Q: I’ve read with much interest your columns regarding so-called BMC-32 motor carrier insurance, because I recently tried to invoke payment of a claim under the BMC-32 endorsement.
The response I received from the carrier’s insurance company was: “(XYZ Transport) has contract-carrier authority, per the Federal Motor Carrier Safety Administration. As such, no cargo filing is required. We do not have a BMC-32 endorsement on our policy.”
Should your responses have specifically stated if you have used a common carrier, and not a contract carrier, then “you can collect a pittance” on the BMC-32 endorsement, or is the ruling on this still up in the air?
A: Well, it’s still up in the air. Not very high, though — or, if you prefer, so high it probably won’t ever hit the ground — because as matters stand, the question simply cannot be answered.
Let me clarify. Long ago there used to be a legal distinction between “common” and “contract” motor carriage. Each had to obtain operating authority in its particular domain, and they were in law separate and apart (although admittedly some carriers, in later years, were afforded both types of operating authority — these days, FMCSA registrations).
It was in this era that the old Interstate Commerce Commission wrote the regulation requiring so-called BMC-32 insurance. That rule, now set forth in the Code of Federal Regulations at 49 CFR Section 387.303(c), requires “motor common carriers” to maintain cargo insurance payable directly to a claimant in fairly small amounts — $5,000 per shipment, or $10,000 for the “aggregate” of all shipments lost or damaged “at any one time and place.”
The endorsement derives its name from the old ICC Bureau of Motor Carriers form by which insurers were required to make the filing.
The ICC Termination Act, however, did away with any legal distinction between common and contract motor carriers; these days they’re simply “motor carriers” without any additional soubriquet. The agency inheriting the ICC’s operating authority regime, the Federal Highway Administration, was given two years — until Jan. 1, 1998 — to do away with the distinction.
The FHWA ignored the directive. When Rep. Frank Wolf, R-Va., got irritated with the FHWA in 1999 over an unrelated matter and spearheaded the congressional action that shifted this authority to the new Federal Motor Carrier Safety Administration on Jan. 1, 2000, that agency continued to ignore the law in this respect.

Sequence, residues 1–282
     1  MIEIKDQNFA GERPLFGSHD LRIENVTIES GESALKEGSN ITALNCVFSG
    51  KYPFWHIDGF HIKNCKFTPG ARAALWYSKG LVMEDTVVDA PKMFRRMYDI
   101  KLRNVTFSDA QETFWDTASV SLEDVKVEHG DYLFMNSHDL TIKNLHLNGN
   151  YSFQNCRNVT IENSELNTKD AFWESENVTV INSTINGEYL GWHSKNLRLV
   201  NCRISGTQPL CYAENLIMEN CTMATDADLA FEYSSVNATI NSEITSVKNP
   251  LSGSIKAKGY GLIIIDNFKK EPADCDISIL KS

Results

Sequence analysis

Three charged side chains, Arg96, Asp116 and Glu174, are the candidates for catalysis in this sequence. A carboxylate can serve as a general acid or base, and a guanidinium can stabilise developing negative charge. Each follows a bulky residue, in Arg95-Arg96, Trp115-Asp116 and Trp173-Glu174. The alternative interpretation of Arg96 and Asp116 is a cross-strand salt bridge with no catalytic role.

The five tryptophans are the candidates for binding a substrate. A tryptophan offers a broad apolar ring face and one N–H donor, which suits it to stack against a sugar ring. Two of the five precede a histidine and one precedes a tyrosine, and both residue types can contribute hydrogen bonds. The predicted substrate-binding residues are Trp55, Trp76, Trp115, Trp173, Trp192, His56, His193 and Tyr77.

As a result, the FMCSA still requires separate registrations for “common” and “contract” motor carriers — even though either may legally engage in both forms of relationships with shippers. One can, that is, have a “common” carrier entering into standing contracts with shippers, and a “contract” carrier hauling freight without any contractual agreements other than the bill of lading.
Yet the FMCSA continues to apply the strictly bureaucratic distinction between the two forms of carriage in its enforcement of the BMC-32 requirement. That is, a carrier that registers as a “common” carrier must have that endorsement; one registered as a “contract” carrier need not.
Which brings me at last to the nuts and bolts of your question: why your carrier didn’t have BMC-32 insurance.
You don’t specify the basis on which you did business with the carrier in question, whether under a standing contractual agreement (“contract” carriage) or shipment-by-shipment per bills of lading. But it doesn’t matter.
Evidently, your carrier had an FMCSA registration only as a “contract” carrier. With the statutory change, that allowed it to do business either way. But it also brought your carrier below the FMCSA’s radar for the BMC-32 insurance, so the FMCSA didn’t require it to have that coverage.
(It’s also possible your carrier had both types of FMCSA registrations, and the carrier ignored the requirement without somehow attracting agency notice. Rather a lot slips between the cracks at the FMCSA, and it doesn’t matter a lot anyway.)
If you did business with the carrier shipment-by-shipment per bills of lading, you have a valid legal complaint against the carrier. But so what? If the carrier could pay your claim, you wouldn’t be in this position, and there’s little point to suing an empty pocket.
Thus, whether the FMCSA should have required your carrier to have the coverage or not, the fact remains it didn’t and the carrier didn’t — which leaves you, I’m afraid, hung out to dry. At least now, however, you know the bureaucratic excuse. I’d vote against ’em come the next election — except, oh, bureaucrats don’t run for office, do they? Pity.
Consultant, author and educator Colin Barrett is president of Barrett Transportation Consultants. Send your questions to him at 5201 Whippoorwill Lane, Johns Island, S.C. 29455; phone, 843-559-1277; e-mail, BarrettTrn@aol.com. Contact him to order the 536-page compiled edition of past Q&A columns, published in 2001, at $80 plus shipping.